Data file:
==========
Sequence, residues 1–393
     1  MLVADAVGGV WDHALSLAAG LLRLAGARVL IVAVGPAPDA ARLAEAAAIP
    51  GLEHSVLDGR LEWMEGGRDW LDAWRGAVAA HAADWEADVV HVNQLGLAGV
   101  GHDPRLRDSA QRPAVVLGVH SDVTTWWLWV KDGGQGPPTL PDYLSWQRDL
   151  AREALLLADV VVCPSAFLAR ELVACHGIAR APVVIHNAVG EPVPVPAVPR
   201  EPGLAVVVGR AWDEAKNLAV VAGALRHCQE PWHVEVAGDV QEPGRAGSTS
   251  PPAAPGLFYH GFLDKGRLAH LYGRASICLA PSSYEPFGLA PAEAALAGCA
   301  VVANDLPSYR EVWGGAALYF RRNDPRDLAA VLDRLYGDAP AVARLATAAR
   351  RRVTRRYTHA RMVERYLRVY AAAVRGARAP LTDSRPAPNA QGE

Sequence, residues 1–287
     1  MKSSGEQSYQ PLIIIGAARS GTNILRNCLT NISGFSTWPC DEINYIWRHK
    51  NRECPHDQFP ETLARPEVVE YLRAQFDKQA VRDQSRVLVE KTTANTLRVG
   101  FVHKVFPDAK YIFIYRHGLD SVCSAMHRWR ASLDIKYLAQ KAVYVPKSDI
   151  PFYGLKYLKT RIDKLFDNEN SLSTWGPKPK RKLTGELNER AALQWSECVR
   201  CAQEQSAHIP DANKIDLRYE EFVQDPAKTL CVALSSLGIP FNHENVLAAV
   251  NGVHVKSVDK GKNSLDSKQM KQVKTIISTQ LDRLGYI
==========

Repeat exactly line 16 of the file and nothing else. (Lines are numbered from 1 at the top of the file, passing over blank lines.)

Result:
   251  NGVHVKSVDK GKNSLDSKQM KQVKTIISTQ LDRLGYI